Where To Start With... The Chemical Brothers
Along with acts like The Prodigy and Daft Punk, The Chemical Brothers have done more to change the face of dance music over the last couple of decades than almost anyone else you could think of. Blending elements of house music, hip-hop and even rock, Tom Rowlands and Ed Simons have been instrumental in bringing dance anthems from clubs and outdoor raves to headline slots at festivals like Glastonbury and Coachella.
Starting out as DJs playing the back rooms of Manchester pubs and club nights like Naked Under Leather, Rowlands and Simons graduated to remixing tracks by the likes of Leftfield and Lionrock, working under the name The Dust Brothers and taking up a residency at London's legendary Heavenly Sunday Social Club.
After the American production duo of the same name raised objections (the guys behind records like Beck's Odelay and The Beastie Boys' Paul's Boutique), they renamed themselves The Chemical Brothers and released their debut, Exit Planet Dust, in 1995.
While their debut earned them plenty of admirers and even a couple of Top 40 hits, it was with their sophomore LP Dig Your Own Hole that they really hit the big time. The album yielded two Number One singles in the UK and became their first LP to top the UK Album Chart – a feat they have repeated with every single subsequent album they've released ever since (with the exception of the 2010s Further, which was disqualified by the Official Charts Company as the result of a promotional competition which offered fans the chance to win an iPad).
During that time the duo also established themselves as one of the most impressive live acts around, on the dance scene or any other, becoming regular fixtures at mainstream festivals the world over and helping to bring dance music to a much wider audience.
This week the duo unveil their ninth studio album No Geography, which contains 10 brand new tracks including the singles 'MAH', 'Free Yourself', 'Got To Keep On' and 'We've Got To Try'.
You can find the Michel Gondry-directed video for 'Got To Keep On' below, beneath that we've picked five of the key tracks from the last two decades as a reminder of just how consistently brilliant Tom and Ed have been over the last 25 years. Enjoy...
Tom Rowlands was once quoted in an interview with Pitchfork as saying of their early output “I was trying to copy a Public Enemy record, but I wasn't up to it, so it came out like it did”. Despite the self-deprecation on offer with that statement, the opening track on the duo's debut album does indicate the influence of hip-hop on their sound. With its iconic “the Brothers gonna work it out” hook and a bpm count slightly too slow to be a full-on house track, 'Leave Home' - along with 'Chemical Beats' - set the template for what was to become known as Big Beat and was copied and expanded upon by countless dance music acts for the rest of the decade.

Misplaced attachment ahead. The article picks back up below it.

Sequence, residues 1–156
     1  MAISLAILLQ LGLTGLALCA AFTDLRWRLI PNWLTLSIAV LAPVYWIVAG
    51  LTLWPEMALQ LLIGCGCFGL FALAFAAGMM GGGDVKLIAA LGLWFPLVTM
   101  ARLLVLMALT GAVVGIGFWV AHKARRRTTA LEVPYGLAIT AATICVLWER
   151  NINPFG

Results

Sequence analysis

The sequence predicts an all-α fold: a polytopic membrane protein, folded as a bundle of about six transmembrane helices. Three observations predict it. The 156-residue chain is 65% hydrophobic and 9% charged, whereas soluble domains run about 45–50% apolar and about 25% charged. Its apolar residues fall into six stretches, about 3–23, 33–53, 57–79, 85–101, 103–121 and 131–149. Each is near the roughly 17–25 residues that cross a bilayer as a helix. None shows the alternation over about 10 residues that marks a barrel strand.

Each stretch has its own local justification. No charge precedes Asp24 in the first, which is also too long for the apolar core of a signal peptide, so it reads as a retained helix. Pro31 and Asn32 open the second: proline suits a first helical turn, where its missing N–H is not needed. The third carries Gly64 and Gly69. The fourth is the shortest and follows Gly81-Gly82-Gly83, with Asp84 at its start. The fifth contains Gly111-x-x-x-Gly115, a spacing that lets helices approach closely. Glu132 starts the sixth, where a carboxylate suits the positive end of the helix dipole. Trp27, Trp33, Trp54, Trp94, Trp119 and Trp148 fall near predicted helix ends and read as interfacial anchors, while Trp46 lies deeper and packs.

'Block Rockin' Beats'
There absolutely, positively cannot be a list of The Chemical Brothers' best tracks without this stone-cold classic from their second album, Dig Your Own Hole. With its stuttering bassline, Schoolly D vocal sample and blistering beats, it still stands up as one of their best ever tracks and is a regular set closer for their live shows.
'It Began In Afrika'
This epic, sprawling cut from their 2002 album Come With Us is one of the most primal sounding things the duo have ever produced and it was a huge dancefloor hit on its release. Full of tribal, percussive rhythms and a mesmerising vocal sample, it was almost never included as Rowlands had mixed feelings about it, but it's still one of our favourites.
Taken from Push The Button, 'Galvanize' features the inimitable vocals of A Tribe Called Quest's Q-Tip and it's probably no coincidence that they've asked him back for Born In The Echoes. With its angular, eastern-flavoured string samples and chugging beats, it's as good as anything they've ever done.
Our final pick is taken from the duo's most recent album Born in the Echoes and is another to feature Q-Tip on vocal duties. Based around a pulsating bassline, the track is one of the album's standout moments and shows that Tom and Ed still have an innate skill for creating huge tunes that work as well on the radio as they do on the dancefloor.
No Geography is available in hmv stores now